When looking forward to our Maui trip, one of the activities I was most excited about was catching sunsets. Sunrises too, for that matter, but because we’d mostly scheduled water activities in the early morning when the wind and waves were the calmest, we didn’t get many chances to sit and bask in the golden glow.
We were lucky: we had the most delightful sunsets to savor. Even on the cloudier days, the sun still broke through the clouds to cast ethereal shafts of light onto the water below.
On our own, we never even contemplated riding a helicopter. Our eyes were firmly to what lay beneath the surface of the waters surrounding Maui. But when we picked my parents up from the airport, they couldn’t stop raving about the incredible views they’d just seen on their helicopter ride over at Oahu (their copter had no doors, how awesome is that!).
So we booked one for the four of us, a 60 minute ride to explore the hidden valleys of West Maui and Molokai. If heli rides are a little cheaper, I’m a convert. Especially when it comes to Hawaii, where the most remote valleys are still inaccessible by road. The views of the lush green rainforests and the tall silvery ribbons of waterfalls were stupendous.
To go or not to go, that was the question. If we wanted to catch the sunrise atop the Haleakala Crater, that meant a wake up call at the ungodly hour of 2am. It was painful to contemplate. But we figured, if everyone else could do it, so could we.
So we joined the line of cars and crawled up to the summit. We arrive around 430am, with just enough cover of darkness for me to shoot off a quick shot of the milky way. I don’t think I’ve seen stars so clearly before, especially when I looked at my camera playback. They just leapt right out!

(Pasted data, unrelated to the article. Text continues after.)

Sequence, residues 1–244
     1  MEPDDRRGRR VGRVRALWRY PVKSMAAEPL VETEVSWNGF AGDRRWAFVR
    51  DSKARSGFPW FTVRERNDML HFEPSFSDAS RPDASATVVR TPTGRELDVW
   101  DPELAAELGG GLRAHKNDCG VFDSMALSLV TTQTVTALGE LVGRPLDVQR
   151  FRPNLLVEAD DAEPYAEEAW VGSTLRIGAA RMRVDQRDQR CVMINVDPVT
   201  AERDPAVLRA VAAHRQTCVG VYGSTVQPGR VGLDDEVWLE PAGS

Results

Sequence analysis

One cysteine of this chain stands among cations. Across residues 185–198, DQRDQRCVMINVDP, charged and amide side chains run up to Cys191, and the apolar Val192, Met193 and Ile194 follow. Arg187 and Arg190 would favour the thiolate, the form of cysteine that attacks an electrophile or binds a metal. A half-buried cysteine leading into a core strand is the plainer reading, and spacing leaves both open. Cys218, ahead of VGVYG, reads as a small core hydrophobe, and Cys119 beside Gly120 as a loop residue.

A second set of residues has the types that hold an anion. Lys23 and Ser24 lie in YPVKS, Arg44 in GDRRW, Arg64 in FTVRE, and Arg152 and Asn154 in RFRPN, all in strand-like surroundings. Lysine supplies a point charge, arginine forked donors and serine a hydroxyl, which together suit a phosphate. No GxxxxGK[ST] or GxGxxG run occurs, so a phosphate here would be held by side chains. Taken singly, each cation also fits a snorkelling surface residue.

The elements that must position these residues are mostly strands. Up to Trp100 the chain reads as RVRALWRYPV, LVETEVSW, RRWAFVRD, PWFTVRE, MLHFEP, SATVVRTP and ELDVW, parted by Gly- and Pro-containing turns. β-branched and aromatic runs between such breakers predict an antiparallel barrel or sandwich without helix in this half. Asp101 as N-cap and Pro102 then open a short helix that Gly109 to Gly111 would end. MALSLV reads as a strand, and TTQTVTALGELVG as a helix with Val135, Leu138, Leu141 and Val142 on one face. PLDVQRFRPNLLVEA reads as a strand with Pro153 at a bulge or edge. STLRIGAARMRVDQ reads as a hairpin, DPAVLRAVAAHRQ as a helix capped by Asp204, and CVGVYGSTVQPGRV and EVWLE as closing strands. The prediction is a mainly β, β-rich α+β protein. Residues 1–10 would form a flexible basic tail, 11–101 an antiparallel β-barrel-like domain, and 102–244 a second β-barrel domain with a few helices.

It was a sizable crowd that patiently lined the ridge, shivering in the chilly dawn air, some wrapped in blankets snitched from the hotel. It was one of the most beautiful sunrises I’ve seen: we were above the clouds, as as the sun rays slowly rose above the horizon, they lighted the thick clouds with brilliant hues of orange, pink and purple.
We tried to catch as many sunsets as we could while in Maui. Caught this one off Little Beach, Kihei’s nude beach.
After a year on land, we finally made it back underwater, this time in Maui, Hawaii. Over 3 days, we dove 7 dives, all in the Southern part of Maui: St Anthony Wreck, Reef End at Molokini, Molokini Back Wall, Grand Wailea, and Makena Beach Landing. Fun dives, with many turtles (especially the night dive at Makena Beach Landing, where we literally bumped into 17 turtles in the caves!), some sharks, eels and octopuses.
My underwater photography is still very much a work in progress. It was at times a frustrating struggle with the flash. When it got too much, I just turned the camera off so I could properly focus on the moment – diving the incredible underwater topography with all the amazing creatures to behold.
Dove the St Anthony Wreck site. Not a big area, but it was a good check out dive, with a couple of turtles just chilling on the wreck itself.
We dove Reef End at the front side of Molokini Crater twice. Both times, I peered under this ledge and was treated to the sight of a half dozen juvenile white tips milling about
Crab feasting on uni
Gloomy nudibranch, endemic to Hawaii
Hawaii’s state fish, the humuhumunukunukuāpuaʻa